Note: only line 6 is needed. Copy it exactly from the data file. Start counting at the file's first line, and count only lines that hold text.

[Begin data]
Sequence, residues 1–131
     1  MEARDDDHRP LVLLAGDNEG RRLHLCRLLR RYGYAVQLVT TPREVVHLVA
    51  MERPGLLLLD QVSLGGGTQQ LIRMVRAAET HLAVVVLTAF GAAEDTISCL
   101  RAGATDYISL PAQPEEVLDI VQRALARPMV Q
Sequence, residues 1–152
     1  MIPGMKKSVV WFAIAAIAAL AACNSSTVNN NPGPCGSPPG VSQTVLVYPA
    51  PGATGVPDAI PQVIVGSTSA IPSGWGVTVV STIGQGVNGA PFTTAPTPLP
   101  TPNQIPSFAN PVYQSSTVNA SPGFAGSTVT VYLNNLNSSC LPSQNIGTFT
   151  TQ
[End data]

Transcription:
     1  MIPGMKKSVV WFAIAAIAAL AACNSSTVNN NPGPCGSPPG VSQTVLVYPA